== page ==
Sunday, March 01, 2015

An Affection for Battered Objects

More duct tape. In his Weimar he cries out 

For his repair. The rents reach for the sky;
Mere tatters are not held by paperclips.
I had this elephant when I was young.
Look at him now.
 The light is sicklied o’er
With blinds, the last Venetian charity
This man performs in darkness. He knows if
You ask, but in between he is a boy,
The brightest of his class, a lower form
Than he has yet acknowledged. I had these pants—
Envy me, envy me.
 I think I heard
That this had happened once or twice before,
To Adam and Erasmus and a Doge
Desperate to recall flesh on demand.

Saturday, February 28, 2015

Readership

Reposted from 2009.  Not much has changed.  FB has helped a bit because I can point people here --  ☞ This way to the Egress.    But if you look for comments, you still won't find them.  It remains true that most of my visitors are accidentals: they Googled "What is Dead Wabbit," and were offered this.


I: But people not named Epstein do too read here, at least occasionally.


Other: They don't, you know. Well, there are a couple regular nutters, I admit that, but only a very few, and they're all elderly shut-ins who talk  energetically to their cats and their hand-tinted portraits of the Queen Mum.

I: There are others, I'm almost certain. You can tell by looking at the map of the most recent "visitors."

Other: Oh, yes--you mean the folks who arrive here by Googling "poems about friction," "poems about recently deceased grandfather," "manifest destiny poem," "short blank verse poem," and "what does elegy in country churchyard mean." They are accidentals; they don't mean to be here, and they don't stay. Have you noticed that when Katy and Rebecca and Trish put up posts, they are pounded by replies? And where are your equivalents then?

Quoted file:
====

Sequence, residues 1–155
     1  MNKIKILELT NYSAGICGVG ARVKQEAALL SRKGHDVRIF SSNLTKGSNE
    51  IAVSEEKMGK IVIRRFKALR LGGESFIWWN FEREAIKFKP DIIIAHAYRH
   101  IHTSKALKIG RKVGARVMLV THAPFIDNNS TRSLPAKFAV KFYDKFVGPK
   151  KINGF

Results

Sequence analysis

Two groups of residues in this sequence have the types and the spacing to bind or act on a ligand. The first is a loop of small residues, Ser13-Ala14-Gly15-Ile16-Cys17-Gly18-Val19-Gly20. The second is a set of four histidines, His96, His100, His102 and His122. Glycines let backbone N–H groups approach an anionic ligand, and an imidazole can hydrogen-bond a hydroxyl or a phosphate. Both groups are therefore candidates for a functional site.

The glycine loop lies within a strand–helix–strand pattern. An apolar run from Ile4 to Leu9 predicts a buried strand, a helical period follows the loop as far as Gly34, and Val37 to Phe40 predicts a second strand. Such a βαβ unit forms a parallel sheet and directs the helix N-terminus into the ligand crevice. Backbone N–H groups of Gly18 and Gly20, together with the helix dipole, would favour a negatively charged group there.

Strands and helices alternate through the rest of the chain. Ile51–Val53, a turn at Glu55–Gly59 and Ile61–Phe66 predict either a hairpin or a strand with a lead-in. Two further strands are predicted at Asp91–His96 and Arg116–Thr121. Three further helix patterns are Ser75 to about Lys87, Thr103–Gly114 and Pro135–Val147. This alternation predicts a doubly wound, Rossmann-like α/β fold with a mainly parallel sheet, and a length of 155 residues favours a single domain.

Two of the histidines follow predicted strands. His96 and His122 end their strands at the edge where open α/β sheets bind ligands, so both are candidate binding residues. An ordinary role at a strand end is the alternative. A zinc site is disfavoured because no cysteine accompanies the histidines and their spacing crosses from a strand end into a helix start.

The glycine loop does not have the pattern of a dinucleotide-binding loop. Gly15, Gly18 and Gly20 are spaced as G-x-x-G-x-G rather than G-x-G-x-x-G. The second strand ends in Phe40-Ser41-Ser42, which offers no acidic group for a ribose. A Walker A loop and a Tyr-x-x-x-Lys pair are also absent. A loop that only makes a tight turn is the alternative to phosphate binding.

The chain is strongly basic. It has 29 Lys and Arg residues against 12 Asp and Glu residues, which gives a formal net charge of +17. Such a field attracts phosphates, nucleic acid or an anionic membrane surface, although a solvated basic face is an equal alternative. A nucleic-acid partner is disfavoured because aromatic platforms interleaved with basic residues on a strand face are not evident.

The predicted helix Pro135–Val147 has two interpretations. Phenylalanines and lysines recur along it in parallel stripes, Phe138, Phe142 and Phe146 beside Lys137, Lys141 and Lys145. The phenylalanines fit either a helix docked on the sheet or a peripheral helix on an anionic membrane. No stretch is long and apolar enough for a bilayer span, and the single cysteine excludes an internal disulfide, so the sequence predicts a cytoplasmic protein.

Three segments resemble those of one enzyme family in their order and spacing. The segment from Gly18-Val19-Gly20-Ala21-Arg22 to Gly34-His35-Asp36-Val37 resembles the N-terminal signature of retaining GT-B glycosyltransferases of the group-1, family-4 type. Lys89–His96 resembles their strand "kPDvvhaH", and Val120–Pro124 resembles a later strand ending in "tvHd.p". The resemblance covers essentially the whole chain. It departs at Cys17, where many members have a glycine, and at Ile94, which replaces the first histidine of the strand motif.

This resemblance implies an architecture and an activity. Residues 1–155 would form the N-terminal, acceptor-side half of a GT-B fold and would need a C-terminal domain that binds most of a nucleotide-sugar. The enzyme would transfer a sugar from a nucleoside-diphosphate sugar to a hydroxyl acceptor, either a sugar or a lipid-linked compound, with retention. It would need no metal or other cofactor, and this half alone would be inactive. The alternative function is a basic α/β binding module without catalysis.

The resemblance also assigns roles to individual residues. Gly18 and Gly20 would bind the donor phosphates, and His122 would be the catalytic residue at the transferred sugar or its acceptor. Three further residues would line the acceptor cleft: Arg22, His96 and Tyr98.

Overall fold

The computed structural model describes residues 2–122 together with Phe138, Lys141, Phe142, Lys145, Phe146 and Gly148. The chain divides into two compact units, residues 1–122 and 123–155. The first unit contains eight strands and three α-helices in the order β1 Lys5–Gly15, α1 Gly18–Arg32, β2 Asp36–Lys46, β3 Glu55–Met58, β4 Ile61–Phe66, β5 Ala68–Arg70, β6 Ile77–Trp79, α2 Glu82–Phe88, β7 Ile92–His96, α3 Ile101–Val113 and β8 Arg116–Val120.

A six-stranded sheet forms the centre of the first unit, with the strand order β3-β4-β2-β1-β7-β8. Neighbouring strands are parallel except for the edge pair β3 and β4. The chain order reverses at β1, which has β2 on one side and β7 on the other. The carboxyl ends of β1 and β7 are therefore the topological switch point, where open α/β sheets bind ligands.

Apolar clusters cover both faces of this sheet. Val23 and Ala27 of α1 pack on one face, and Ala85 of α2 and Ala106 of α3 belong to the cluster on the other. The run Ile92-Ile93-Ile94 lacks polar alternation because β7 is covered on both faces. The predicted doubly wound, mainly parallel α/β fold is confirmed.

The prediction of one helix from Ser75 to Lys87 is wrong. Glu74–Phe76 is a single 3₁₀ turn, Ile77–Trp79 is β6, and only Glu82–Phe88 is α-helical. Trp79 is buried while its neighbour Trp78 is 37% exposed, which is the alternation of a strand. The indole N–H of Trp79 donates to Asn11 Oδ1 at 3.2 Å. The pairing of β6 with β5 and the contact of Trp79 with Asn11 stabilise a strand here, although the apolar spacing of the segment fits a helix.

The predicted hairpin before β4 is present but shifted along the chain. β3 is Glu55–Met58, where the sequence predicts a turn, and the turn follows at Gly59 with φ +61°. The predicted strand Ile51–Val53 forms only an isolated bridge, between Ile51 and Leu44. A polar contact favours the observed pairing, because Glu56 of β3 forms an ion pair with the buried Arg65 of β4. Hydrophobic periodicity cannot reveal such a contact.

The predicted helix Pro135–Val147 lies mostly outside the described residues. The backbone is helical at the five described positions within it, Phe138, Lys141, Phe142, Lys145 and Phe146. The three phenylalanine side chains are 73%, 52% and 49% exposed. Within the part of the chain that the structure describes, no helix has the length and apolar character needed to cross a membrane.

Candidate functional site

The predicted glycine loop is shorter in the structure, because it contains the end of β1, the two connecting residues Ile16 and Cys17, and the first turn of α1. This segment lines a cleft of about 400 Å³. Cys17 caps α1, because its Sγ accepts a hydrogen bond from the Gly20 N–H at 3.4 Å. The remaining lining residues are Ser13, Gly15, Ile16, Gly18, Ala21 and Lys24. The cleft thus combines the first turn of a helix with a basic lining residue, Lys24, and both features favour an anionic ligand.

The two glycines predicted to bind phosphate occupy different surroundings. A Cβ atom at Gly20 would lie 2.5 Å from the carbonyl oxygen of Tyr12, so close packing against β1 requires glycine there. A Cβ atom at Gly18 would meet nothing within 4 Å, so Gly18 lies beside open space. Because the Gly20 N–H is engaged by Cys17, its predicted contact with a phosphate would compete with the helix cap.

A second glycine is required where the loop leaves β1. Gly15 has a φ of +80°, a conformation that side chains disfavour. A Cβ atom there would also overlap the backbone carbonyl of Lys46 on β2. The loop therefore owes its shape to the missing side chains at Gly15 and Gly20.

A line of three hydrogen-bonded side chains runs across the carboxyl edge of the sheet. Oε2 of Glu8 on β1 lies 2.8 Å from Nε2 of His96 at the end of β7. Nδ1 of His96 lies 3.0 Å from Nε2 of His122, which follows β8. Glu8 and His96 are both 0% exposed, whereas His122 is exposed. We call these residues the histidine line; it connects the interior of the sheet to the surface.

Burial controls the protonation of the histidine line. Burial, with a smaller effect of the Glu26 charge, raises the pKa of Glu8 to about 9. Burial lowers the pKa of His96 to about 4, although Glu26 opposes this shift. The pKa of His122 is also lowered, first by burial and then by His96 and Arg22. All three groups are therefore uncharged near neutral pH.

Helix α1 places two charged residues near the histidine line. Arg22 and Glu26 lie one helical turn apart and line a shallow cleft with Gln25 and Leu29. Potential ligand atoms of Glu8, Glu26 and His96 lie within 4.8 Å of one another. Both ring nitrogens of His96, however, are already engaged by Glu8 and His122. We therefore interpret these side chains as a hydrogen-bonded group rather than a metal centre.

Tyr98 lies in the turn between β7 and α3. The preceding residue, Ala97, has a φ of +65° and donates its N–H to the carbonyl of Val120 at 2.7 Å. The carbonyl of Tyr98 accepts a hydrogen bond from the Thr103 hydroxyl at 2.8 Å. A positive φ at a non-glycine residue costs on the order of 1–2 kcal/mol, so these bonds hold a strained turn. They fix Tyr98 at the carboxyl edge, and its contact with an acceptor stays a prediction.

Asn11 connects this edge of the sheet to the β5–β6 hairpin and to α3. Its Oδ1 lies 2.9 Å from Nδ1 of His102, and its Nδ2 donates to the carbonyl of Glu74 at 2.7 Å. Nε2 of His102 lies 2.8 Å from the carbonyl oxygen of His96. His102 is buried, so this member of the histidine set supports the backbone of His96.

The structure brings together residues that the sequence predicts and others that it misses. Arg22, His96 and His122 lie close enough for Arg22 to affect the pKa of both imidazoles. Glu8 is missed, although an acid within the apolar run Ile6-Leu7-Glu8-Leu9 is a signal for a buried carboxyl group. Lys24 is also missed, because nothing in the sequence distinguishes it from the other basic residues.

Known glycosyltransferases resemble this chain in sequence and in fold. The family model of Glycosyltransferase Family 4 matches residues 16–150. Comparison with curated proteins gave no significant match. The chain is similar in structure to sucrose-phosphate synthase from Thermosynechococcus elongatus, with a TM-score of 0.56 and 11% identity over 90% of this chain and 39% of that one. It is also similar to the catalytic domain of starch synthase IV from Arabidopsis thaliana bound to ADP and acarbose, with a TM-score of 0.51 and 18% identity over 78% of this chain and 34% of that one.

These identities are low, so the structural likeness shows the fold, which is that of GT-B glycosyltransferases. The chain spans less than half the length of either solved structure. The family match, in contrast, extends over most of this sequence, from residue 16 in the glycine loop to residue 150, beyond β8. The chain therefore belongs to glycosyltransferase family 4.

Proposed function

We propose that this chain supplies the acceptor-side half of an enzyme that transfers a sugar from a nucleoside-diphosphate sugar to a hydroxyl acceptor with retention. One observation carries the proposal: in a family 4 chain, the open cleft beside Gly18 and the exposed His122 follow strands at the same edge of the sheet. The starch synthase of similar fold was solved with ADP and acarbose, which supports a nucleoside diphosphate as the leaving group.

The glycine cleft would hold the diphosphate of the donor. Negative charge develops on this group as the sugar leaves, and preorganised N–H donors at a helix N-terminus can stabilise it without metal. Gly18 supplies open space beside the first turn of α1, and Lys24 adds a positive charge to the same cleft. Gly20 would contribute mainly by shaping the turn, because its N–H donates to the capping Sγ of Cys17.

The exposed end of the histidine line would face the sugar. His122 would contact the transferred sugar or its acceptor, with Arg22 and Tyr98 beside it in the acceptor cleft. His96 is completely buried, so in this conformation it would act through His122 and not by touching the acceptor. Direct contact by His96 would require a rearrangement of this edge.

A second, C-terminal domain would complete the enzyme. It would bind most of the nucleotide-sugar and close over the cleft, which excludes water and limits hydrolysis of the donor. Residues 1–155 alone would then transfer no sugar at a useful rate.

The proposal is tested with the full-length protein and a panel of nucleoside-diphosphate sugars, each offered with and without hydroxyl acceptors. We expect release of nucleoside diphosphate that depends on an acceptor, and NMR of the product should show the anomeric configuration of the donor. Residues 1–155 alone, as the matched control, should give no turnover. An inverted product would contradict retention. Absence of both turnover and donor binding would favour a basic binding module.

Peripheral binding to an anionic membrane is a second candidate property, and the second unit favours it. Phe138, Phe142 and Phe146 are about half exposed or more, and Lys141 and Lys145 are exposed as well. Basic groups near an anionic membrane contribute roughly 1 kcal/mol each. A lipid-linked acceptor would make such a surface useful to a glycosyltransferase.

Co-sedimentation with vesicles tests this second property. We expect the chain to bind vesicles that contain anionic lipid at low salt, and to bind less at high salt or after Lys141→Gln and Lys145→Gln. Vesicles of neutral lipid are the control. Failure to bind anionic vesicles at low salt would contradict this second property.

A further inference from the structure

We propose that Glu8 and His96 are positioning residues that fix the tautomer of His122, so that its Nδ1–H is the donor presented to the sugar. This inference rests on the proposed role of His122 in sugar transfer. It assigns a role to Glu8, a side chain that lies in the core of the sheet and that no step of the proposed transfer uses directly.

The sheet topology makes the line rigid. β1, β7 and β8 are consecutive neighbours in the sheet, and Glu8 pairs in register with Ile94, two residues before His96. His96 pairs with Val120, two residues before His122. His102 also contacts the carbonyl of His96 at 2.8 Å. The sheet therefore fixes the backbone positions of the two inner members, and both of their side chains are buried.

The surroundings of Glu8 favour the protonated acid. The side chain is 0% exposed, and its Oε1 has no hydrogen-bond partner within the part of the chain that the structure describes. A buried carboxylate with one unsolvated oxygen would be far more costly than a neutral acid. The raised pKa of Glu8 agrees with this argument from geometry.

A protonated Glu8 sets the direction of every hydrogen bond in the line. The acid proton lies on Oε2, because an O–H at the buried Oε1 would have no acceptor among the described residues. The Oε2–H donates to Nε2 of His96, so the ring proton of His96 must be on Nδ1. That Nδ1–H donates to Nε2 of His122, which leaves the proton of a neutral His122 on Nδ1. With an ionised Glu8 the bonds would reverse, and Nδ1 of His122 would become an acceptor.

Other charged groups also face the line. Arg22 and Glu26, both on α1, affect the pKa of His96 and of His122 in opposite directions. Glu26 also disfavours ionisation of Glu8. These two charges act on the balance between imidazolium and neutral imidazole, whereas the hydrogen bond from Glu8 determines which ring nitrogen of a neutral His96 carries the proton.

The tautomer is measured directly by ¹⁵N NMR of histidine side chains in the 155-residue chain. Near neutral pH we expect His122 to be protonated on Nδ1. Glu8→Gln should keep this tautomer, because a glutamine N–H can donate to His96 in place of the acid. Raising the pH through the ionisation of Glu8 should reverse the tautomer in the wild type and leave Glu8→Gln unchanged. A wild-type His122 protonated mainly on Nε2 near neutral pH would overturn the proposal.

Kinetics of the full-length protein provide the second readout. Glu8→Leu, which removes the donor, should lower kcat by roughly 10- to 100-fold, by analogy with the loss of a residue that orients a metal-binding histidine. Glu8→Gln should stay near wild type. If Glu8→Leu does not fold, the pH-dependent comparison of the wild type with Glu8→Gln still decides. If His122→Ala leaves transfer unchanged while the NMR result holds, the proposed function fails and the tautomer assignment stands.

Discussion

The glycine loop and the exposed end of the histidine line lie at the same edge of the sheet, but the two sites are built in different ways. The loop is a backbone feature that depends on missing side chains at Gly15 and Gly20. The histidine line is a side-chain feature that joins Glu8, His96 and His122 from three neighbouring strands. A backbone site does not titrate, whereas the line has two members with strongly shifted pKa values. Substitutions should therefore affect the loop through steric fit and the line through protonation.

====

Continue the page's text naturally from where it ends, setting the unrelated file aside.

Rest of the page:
I: But they're all...well, they aren't like me in some critical respects.

Other: You were going to say, "They're girls," weren't you?

I: No. Not me. Not ever. They're bright and talented and interesting writers.

Other: Oh, so that's how they differ from you.

I: Never mind. You win. I lose. It's all true. This is the blogging equivalent of vanity pressing your books, the Blogspot version of the Vantage Press. But it's a harmless outlet for my excess energies. Who knows what I might be doing, were it not for this.

Other: Spraying funereal distiches on the underpass, standing on the corner with a hand-lettered sign, "Villanelles for food. God Bless." That sort of thing?

I: No doubt. No doubt at all.

Other: And the last time you had any "excess energies," The Temptations and The Four Tops were in the Top 10.

I: Dayenu. I concede. Let me get back to being obscure.

Other: Who?

Tuesday, February 24, 2015

Attenuations on a Theme by Yeats

All right, it really hasn't been six weeks,

And I've been busy. When the circus left,
I was about my less enlightened craft.
Now every motion of my body lacks
The sense of singing. All the animals
Have gone to entertain the shopping malls.

A prisoner can gild a caliph's house
He can't inhabit. Old, I bear the name
I gave myself before my art had come;
And I live in a lodging without lease.
I buff the floors, and still the floors declare